Structural Solutions: European Experiences

Part of the Ethnic and Intercommunity Conflict Series book series (EAI)


In Chapter 2 we examined the way in which the issue of ethnic division has reasserted its importance. This reassertion occurred despite the assumption of modernisation theory that traditional bases of identity would wither in the face of modern technology and communication, and be replaced by ‘more relevant’, utilitarian criteria. Of course, as we also saw in Chapter 2, it is not difficult to identify social divisions within most societies albeit the key lies in the consequences of those divisions for social practice. Historically the most common way in which states have responded to the reality of internal social divisions is to emphasise the essential unity of society or play down internal differences in the face of fundamental differences with external others. From a Durkheimian perspective, this goal can be pursued through the establishment of central institutions of governance, and the promulgation of common rituals and practices towards iconic images of the state and nation. Alternatively, states may recognise societal diversity and offer some legitimacy to this through some form of decentralised institutions, albeit within limits. There is a number of particularly interesting examples of such structural diversity within Europe and it is to these that we turn in this chapter. The main aim of the chapter is to examine the consequences for education systems within such decentralised arrangements. Before examining our case studies we will first examine briefly intra-societal divisions within western European states.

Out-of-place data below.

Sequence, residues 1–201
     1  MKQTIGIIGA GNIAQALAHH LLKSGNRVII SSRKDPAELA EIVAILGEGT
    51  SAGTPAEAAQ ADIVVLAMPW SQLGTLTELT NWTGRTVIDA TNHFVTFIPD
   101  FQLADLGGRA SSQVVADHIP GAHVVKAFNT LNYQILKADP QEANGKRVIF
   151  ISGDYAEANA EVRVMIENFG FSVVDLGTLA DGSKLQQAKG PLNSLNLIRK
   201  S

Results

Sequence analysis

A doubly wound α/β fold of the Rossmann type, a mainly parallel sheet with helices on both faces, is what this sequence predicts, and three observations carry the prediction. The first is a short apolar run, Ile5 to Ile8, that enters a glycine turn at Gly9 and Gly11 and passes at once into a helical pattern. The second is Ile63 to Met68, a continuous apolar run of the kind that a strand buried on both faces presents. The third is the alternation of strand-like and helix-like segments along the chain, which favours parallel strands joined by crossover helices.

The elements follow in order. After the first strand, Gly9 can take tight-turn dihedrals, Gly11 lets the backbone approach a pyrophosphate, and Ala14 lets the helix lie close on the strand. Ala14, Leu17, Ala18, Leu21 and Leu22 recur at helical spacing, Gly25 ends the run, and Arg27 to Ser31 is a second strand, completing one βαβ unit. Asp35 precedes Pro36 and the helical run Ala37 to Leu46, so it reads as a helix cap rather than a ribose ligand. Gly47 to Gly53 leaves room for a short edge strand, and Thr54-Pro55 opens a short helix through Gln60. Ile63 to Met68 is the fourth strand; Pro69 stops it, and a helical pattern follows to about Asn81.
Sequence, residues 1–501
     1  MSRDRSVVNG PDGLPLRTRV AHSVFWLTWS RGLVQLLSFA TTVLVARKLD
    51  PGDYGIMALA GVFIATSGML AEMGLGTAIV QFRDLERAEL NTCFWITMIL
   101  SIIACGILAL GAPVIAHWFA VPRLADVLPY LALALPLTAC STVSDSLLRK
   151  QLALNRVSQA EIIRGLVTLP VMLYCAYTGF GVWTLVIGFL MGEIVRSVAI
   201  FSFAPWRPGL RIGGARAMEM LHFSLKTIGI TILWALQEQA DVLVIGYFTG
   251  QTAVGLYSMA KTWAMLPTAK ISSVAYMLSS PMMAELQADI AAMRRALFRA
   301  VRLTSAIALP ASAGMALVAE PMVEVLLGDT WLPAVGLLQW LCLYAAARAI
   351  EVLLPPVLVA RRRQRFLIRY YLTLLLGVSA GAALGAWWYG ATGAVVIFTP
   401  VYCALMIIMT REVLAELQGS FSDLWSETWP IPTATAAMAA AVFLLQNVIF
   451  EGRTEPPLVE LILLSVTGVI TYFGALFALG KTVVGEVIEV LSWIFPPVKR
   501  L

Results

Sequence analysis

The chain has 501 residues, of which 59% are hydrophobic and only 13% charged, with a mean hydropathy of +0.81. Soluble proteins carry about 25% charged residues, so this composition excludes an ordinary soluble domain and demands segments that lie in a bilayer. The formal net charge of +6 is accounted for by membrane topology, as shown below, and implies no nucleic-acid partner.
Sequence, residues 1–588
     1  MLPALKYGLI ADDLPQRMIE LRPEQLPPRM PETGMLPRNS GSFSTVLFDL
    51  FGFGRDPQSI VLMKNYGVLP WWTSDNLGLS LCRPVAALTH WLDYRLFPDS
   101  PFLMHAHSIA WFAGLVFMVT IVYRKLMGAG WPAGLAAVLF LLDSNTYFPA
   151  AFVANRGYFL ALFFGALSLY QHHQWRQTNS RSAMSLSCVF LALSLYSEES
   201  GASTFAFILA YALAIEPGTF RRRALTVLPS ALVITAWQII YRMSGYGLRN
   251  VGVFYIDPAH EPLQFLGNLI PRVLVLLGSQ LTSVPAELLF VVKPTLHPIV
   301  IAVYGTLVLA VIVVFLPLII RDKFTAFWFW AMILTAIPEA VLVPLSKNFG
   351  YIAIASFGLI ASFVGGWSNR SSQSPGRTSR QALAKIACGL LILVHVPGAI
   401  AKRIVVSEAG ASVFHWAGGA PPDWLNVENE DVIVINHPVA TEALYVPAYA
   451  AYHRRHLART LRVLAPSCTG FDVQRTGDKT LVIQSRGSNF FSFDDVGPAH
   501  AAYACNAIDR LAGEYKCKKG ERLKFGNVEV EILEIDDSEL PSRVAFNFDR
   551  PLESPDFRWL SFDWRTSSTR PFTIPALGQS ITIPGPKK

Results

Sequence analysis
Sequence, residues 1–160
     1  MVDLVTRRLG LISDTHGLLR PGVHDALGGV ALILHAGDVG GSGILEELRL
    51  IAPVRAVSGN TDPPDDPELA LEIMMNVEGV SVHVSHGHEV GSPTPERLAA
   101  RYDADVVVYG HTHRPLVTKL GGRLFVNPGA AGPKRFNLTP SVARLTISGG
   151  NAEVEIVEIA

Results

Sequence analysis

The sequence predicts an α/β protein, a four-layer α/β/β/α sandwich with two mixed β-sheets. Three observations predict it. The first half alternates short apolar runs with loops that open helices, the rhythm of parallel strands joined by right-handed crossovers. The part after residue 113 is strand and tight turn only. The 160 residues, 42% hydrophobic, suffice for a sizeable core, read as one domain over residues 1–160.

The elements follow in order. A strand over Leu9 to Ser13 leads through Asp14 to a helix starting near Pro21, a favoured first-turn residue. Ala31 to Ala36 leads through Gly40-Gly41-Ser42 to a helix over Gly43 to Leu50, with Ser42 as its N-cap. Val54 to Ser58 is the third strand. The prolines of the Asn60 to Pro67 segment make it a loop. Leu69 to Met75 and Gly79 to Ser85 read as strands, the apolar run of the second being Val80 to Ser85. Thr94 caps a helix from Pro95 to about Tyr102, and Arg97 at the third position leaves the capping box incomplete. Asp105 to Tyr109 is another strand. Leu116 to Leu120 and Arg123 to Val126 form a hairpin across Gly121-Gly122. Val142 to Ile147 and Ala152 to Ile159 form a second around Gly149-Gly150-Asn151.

Direct Democracy Autonomous Community European Experience Linguistic Community Ethnic Division 
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Copyright information

© Tony Gallagher 2004

Authors and Affiliations

  1. 1.Queen’s University BelfastUK

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